Then, on May 22, 1920, George called upon Harvard Acting Dean Chester N. Greenough. George shared the information he had been beaten out of Harry Dreyfus; that the cause of Cyril‘s suicide had really been his "victimization" by a "homosexual ring" at Harvard College. The ring,  charged George, was made up of students  Ernest Weeks Roberts , Eugene Cummings, Kenneth Day and a non-student named Pat Courtney.  The next day Dean Greenough asked five professors and deans to form a “court” to root out these homosexuals in the college. In the modern vernacular, it was to be a witch hunt.
During the bottom of the 4th inning, in a game between the Yankees and the Red Sox at Fenway Park, on Thursday, May 27, 1920, New York Pitcher Bob Shawkey (above) had a melt down. With the bases loaded, Shawkey took offense when Umpire George Hildebrand called ball four and forced in a run. Shawkey shouted obscenities at the ump, who ignored the outburst. Shawkey then crouched on the mound and spent  five minutes tying his shoe. Again, Hildebrand ignored him. 
After striking out the next Boston batter (Harry Hooper) and retiring the side, Shawkey took off his cap and elaborately bowed to the umpire.  As Shawkey jogged to the New York dugout, Umpire Hildebrand quietly informed him that he had been thrown out of the game.  Shawkey then took a swing at the ump. The Yankees won the game, six to one. Shawky won a two week suspension and a $200 fine.  That was baseball, in 1920; class all the way - just like today.
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Thursday, August 10, 2017


I don't think JFK walked on water, but I also believe the world was lucky the lowly PT Boat Lieutenant was there to call Air Force General Curtis LeMay's bluff in October of 1962, else the world would have faced Armageddon over the Cuban Missile Crises. But speaking politically, it was also true that John Fitzgerald Kennedy played a crucial role in the formation of two American political myths. On the Democratic side, there is the myth of Camelot. And on the Republican side there is the myth of the bought election. To put it bluntly, J.F. K. did not steal the Presidential election of 1960 – no way, nadda, never happened.
The foundation of the “bought election” is the autobiography “Just Good Politics, the Life of Raymond Chafin, Appalachian Boss”, published in 1994 (but the story had been around for 30 years before that).
Chafin (above) was Chairman of the Logan county, West Virginia, Democratic Party Executive Committee. He was also known as "The King of Logan County".  In 1960 he was working for Democratic Presidential candidate Herbert Humphrey. Chafin's story, as described by reviewer Joe Savage in the December 1994 Washington Monthly, was that Chafin “received $35,000 cash in two briefcases at the Logan County airport from Kennedy operatives the week before the primary. While he says the amount was "a mistake"--he'd only asked for $3,500--Chafin reassures his readers that he spent it all on election activity, including illegal vote-buying, and did not pocket any of the cash himself.” But the only way to believe that story, is to ignore reality.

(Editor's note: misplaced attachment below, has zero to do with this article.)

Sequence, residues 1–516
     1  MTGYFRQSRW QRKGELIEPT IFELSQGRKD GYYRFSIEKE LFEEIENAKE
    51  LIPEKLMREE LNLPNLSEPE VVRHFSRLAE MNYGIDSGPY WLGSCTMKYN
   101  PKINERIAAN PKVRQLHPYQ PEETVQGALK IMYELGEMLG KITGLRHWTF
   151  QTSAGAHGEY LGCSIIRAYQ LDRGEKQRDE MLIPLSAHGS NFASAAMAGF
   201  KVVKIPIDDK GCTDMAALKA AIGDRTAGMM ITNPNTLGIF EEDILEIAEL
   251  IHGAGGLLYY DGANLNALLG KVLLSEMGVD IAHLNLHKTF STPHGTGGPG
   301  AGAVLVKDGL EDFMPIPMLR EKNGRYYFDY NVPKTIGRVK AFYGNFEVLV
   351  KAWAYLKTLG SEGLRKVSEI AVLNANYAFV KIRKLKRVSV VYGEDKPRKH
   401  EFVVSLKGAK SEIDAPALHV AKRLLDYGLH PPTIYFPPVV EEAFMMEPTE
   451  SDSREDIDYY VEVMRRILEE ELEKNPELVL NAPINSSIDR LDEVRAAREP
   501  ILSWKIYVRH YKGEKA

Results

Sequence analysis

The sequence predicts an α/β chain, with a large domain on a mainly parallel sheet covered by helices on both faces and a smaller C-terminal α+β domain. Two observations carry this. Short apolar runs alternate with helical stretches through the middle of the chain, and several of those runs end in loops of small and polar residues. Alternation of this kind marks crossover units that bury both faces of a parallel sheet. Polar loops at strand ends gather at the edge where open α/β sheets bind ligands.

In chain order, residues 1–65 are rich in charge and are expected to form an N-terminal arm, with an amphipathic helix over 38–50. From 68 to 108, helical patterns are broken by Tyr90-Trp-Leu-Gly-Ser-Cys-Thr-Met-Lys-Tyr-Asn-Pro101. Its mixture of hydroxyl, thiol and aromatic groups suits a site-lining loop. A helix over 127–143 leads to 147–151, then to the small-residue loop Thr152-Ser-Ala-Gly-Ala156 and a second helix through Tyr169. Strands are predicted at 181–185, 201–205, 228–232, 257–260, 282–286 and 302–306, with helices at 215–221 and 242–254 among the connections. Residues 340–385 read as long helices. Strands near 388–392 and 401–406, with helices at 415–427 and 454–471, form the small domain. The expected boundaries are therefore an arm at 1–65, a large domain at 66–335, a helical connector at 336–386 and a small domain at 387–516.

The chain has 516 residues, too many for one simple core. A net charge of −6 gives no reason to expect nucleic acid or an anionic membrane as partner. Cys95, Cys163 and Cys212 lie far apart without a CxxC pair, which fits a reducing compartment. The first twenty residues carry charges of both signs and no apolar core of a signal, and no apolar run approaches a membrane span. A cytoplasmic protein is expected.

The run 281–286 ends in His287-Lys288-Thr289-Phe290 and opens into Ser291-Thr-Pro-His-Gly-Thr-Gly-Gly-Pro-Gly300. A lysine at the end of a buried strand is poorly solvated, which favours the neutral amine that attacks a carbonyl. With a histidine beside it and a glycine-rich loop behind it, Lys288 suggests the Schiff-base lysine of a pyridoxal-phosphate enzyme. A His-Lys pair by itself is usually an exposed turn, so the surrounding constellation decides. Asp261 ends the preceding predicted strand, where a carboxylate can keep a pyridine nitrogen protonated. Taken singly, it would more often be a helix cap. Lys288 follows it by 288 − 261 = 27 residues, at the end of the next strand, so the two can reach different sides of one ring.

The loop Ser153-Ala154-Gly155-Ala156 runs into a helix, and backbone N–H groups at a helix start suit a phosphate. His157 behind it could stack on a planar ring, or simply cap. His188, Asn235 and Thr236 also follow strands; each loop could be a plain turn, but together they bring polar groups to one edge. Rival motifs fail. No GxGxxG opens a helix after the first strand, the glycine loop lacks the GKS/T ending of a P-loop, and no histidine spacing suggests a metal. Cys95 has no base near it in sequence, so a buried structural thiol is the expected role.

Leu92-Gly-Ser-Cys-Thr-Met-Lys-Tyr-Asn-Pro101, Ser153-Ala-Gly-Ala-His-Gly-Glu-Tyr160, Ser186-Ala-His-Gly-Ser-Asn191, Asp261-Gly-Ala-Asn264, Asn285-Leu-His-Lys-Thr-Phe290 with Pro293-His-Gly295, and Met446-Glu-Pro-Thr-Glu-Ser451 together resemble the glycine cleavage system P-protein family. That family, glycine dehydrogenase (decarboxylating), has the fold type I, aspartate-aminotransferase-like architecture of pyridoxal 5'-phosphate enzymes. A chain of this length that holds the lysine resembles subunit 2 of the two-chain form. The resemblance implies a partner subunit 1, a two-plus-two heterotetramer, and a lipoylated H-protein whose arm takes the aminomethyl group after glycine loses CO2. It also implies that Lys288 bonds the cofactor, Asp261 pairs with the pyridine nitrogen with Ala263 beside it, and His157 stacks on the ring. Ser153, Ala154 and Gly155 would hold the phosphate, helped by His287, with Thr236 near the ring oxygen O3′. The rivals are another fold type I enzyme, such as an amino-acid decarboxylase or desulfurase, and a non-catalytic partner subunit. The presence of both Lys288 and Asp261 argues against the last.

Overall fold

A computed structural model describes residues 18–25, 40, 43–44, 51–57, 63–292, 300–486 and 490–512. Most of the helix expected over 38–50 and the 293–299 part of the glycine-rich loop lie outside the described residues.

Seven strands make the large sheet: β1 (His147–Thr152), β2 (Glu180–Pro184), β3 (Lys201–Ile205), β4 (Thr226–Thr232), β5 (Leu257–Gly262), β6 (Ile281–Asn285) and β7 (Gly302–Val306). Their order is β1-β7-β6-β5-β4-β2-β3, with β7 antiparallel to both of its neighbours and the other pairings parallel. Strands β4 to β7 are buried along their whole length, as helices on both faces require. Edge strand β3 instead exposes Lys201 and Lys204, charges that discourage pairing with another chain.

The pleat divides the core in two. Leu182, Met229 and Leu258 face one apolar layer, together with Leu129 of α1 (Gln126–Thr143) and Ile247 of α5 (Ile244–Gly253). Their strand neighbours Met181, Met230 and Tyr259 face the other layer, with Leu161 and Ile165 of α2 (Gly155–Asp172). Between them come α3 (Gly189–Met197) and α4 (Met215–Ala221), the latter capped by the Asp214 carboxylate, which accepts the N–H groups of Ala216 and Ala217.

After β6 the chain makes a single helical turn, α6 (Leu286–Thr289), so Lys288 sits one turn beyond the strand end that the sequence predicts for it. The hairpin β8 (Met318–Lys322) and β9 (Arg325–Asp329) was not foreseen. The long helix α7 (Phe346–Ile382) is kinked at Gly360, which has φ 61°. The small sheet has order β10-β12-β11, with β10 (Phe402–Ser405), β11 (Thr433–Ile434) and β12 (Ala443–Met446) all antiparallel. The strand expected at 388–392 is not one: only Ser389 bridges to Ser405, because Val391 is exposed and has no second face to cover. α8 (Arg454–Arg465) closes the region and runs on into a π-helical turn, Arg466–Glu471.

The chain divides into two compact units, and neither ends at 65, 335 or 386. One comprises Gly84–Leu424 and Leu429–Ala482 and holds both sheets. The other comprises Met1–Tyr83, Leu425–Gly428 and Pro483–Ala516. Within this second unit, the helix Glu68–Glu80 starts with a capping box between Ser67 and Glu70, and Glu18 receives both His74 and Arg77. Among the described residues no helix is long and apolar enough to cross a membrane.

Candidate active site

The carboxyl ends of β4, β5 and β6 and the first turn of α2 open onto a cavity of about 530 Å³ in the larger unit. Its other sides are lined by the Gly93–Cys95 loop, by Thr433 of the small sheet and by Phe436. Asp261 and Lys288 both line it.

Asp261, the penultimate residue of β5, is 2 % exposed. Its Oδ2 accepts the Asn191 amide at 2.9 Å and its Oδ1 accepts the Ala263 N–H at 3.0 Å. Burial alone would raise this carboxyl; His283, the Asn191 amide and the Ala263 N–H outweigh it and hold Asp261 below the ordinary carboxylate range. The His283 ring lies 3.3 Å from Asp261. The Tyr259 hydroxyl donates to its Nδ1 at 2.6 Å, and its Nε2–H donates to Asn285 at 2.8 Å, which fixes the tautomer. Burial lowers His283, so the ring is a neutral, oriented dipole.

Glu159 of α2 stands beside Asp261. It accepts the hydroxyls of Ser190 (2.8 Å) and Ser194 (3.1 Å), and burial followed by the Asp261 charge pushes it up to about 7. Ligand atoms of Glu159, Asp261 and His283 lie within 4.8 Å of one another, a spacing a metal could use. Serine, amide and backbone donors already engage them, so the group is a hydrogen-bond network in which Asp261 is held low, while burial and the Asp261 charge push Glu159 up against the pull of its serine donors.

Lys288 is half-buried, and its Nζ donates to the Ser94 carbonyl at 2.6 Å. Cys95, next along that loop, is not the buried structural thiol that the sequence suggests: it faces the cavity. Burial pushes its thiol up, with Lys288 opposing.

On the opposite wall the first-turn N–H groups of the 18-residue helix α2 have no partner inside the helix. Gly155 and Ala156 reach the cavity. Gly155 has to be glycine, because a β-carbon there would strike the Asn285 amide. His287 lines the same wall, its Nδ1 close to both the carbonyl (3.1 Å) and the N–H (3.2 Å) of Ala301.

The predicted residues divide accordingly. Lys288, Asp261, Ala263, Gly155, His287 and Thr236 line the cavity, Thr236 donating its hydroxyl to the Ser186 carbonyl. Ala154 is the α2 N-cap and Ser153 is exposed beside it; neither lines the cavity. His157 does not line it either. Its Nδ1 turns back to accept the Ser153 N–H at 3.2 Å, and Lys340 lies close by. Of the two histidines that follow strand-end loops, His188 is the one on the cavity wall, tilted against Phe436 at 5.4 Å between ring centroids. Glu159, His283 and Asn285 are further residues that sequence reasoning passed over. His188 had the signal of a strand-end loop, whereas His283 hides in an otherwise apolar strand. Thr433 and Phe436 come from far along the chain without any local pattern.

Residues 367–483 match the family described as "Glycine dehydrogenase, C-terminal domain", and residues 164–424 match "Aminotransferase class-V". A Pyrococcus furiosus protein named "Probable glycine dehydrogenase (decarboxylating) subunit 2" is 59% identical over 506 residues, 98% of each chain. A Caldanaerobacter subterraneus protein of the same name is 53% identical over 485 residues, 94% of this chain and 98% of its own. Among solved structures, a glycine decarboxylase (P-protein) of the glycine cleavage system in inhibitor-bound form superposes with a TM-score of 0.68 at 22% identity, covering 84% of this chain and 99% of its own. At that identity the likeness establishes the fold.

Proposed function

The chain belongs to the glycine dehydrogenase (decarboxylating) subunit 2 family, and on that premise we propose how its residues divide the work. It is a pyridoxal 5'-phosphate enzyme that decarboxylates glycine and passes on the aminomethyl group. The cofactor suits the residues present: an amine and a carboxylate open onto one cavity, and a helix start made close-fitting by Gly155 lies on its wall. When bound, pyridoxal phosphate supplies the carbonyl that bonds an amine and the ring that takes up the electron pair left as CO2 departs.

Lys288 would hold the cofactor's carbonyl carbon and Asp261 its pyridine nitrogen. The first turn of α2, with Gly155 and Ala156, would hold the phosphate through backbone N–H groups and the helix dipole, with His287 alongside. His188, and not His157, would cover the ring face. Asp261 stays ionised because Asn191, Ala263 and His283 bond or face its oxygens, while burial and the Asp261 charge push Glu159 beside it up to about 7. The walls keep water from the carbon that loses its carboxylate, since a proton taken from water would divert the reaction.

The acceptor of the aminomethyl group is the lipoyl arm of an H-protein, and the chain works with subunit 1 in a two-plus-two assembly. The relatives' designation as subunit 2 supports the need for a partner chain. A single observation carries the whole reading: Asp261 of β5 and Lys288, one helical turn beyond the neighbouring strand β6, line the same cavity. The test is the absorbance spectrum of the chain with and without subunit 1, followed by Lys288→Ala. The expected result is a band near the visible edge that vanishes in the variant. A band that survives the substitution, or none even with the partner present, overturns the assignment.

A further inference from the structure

It was clear four years in advance the battleground for Democratic Presidential want-a-be's would be the 16 scheduled primaries. In those ancient days, when politics was merely tainted with money, none of the five Democratic candidates could afford to compete in all the primaries, not even the two strongest candidates; the liberal junior Senator from Minnesota, Herbert Humphrey, and the conservative junior Senator from Massachusetts, John (Jack) Kennedy. As early as January 1957, the Jack Pack, as the Kennedy team was called, had decided on a strategy.
It was assumed by the pundits that Humphrey would win the 5 April primary in his neighboring state of  Wisconsin. But Wisconsin had a large Catholic population, and if the Catholic Kennedy came in a close second in the cheese state, he could count that as a win. Beyond Wisconsin, the “Jack Pack” knew he would need a primary win in a strongly Protestant state. So early in 1958 pollster Louis Harris was hired to find a possible target.